This popular supplement can increase your risk of developing cancer

Nutritional supplements may, in some cases, improve your health and reduce the risk of disease, but in other cases they may do the opposite and put you at risk.

Vitamins (illustrative) (photo credit: INGIMAGE)
Vitamins (illustrative)
(photo credit: INGIMAGE)

Dietary supplements have become increasingly popular in recent years, probably since the start of the pandemic which more than ever emphasized the importance of strengthening the body's natural defense system.

Some people think that since vitamins aren’t prescription drugs, all supplements are safe to use and won’t cause health problems. This isn’t always the case especially if you don’t have a shortage of a vitamin you take via a pill.

Some supplements can cause unpleasant side effects like indigestion, nausea or a skin rash. In more extreme cases experts warn it may even increase the chance of developing various diseases, including cancer.

A study published in March 2022 warns that a popular supplement that many people consume regularly may increase their risk of developing lung cancer. The study looked at data on more than 63,000 people in Singapore, collected from 1993 for over 25 years. The findings suggest a link between increased vitamin B12 intake and a "significantly" increased risk of developing lung cancer.

"This association was more pronounced in men compared to women and was more common in those suffering from adenocarcinoma, a cancer that affects the lung glands and is considered the most common of lung cancers," researchers noted. It’s important to add that this isn’t the first study to point to such a connection. It was noted after several academic papers in the past came to similar conclusions.

Vitamin D laying on the table with prescription bottle behind them. (credit: INGIMAGE)Vitamin D laying on the table with prescription bottle behind them. (credit: INGIMAGE)

Most of us shouldn’t take this supplement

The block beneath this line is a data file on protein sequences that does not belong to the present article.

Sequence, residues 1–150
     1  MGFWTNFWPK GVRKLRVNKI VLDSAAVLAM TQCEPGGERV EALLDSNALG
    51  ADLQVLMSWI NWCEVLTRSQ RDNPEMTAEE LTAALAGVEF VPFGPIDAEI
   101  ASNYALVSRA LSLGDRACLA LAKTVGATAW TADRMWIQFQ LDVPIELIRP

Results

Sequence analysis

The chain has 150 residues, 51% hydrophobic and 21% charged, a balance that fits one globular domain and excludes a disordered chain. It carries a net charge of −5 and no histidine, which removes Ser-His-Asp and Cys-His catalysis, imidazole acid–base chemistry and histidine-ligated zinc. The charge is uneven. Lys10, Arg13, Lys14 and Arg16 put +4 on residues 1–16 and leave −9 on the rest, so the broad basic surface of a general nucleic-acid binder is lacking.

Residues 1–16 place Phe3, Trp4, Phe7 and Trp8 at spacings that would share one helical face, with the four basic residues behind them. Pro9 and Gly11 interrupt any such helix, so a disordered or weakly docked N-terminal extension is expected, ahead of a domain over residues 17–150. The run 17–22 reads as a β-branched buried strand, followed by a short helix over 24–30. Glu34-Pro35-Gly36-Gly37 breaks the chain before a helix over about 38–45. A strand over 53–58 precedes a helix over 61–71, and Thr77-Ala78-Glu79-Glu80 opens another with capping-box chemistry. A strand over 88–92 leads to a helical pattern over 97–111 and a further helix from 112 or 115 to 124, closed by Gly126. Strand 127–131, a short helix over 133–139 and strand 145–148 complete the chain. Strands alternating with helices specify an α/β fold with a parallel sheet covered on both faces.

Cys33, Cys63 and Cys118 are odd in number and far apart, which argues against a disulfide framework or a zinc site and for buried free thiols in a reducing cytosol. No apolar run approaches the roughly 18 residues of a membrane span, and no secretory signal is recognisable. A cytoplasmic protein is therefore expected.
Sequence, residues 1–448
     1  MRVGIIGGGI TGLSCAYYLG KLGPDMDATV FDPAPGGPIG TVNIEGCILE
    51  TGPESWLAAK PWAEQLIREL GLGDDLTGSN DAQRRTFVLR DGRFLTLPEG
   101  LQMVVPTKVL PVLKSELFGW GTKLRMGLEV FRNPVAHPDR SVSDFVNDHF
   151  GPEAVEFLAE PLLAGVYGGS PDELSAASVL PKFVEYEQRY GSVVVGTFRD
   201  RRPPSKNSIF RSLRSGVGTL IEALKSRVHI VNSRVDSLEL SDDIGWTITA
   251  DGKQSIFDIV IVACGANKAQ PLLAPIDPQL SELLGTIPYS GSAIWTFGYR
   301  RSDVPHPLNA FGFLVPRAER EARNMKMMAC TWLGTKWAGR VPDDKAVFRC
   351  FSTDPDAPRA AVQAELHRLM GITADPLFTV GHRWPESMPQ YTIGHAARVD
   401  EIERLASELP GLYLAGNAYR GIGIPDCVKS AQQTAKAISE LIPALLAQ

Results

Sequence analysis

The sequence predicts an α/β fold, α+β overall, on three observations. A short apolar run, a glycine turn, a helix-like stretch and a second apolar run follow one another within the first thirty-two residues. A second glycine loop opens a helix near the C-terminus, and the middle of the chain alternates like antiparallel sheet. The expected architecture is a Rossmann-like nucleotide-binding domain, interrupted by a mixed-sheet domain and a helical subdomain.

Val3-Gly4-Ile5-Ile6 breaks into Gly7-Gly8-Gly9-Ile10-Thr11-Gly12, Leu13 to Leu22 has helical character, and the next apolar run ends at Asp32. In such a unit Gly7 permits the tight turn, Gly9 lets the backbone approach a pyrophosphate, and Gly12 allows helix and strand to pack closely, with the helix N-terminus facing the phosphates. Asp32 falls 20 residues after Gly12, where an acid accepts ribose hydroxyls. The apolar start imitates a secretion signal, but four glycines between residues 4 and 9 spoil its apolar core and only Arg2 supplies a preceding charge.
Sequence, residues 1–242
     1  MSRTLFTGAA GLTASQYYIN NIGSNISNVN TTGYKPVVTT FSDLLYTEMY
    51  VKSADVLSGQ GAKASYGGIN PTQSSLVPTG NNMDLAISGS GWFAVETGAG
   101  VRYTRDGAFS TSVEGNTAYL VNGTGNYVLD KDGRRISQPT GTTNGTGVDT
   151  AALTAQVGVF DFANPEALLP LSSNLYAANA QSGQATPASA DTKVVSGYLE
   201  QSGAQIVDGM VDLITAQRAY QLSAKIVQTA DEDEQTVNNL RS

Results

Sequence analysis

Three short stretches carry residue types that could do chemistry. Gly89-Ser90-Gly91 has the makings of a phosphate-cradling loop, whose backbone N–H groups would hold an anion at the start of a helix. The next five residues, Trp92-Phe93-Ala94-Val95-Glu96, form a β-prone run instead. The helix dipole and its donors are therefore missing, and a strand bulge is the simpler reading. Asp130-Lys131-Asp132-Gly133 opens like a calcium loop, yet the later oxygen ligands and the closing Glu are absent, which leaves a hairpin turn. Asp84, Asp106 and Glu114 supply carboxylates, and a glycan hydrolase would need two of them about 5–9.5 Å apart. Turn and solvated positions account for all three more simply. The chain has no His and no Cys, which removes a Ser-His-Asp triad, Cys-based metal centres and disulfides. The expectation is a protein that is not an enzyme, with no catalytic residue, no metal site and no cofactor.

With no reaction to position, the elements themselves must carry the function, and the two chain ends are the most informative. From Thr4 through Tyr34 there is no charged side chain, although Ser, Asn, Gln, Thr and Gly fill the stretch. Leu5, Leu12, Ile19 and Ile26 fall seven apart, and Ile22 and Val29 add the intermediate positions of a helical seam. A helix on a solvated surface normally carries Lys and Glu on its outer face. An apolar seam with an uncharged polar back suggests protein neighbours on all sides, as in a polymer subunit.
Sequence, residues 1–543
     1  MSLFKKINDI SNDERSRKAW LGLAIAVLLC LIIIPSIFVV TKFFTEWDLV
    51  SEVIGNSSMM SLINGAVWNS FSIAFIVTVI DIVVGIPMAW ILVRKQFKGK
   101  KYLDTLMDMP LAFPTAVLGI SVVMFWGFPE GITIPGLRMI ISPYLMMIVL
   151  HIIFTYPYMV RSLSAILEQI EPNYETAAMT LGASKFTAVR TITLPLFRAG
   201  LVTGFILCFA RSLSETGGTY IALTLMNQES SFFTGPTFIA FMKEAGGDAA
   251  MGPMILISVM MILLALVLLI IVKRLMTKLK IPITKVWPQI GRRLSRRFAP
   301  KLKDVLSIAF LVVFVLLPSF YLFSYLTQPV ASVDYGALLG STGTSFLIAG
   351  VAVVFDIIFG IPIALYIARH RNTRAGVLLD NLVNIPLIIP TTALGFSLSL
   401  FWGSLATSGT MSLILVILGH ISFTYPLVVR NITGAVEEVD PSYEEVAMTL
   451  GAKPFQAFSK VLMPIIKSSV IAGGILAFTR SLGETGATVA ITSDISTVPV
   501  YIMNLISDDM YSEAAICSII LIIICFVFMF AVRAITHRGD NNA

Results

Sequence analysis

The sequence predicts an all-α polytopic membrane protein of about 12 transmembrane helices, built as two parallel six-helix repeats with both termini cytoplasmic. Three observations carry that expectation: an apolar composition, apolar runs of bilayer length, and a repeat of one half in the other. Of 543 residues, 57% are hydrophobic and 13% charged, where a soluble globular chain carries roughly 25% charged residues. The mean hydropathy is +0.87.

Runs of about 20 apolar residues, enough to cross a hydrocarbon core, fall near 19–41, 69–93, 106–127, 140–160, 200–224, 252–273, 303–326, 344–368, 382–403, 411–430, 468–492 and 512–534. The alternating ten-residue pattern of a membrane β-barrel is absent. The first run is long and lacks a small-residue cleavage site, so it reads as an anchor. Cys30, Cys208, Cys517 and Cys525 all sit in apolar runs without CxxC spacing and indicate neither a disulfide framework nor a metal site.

Until recent years, the prevailing perception was that taking vitamin B12 may protect against cancer, until new findings warned that the opposite may be true. In a study published in 2017, experts from Ohio University warned about the link between taking vitamins B12 and B6. An increased risk for lung cancer, especially in men, has risen even more among active smokers.

In this study, the increased risk of cancer was seen among people who consumed vitamin B6 at a rate of more than 20 mg per day as well as vitamin B12 at the rate of 55 micrograms per day. Yet, calm down as we emphasize that this is a much higher amount than most people absorb through food and also higher than the amount of these vitamins in most multivitamin supplements.

For comparison, the Israeli Ministry of Health recommends consuming 1.3-1.5 mg of vitamin B6 as well as 2.4 micrograms of vitamin B12 for adults of all ages. According to data presented by the ministry, about 60% of people already consume enough B6 with daily food intake. Their B12 is low but still not worrying since 49.9% consume enough of it through food and don’t need supplements.

In general, the best way to ensure that you don’t take supplements that are harmful to your body is to get periodic blood tests and supplement only supplements that your body really needs and that your doctor recommends.

And in the context of the vitamins in question, it could be that you’re already consuming enough of them from food. Vitamin B6 is found in many foods such as chicken, fish, nuts, soybeans, wheat germ, oats, bananas and milk. B12 is also found in meat, fish, milk, eggs and some cereals. Among people who avoid meat and milk, there might be a deficiency, but as mentioned check each case individually.

Vitamin B12 deficiency can also be manifested in pernicious anemia, which requires more targeted treatment with pills or injections. Even older people with a deficiency of this vitamin or those who suffer from a decrease in stomach acidity can improve their health through supplements under medical supervision, especially if you’re taking medications or experiencing unexplained side effects.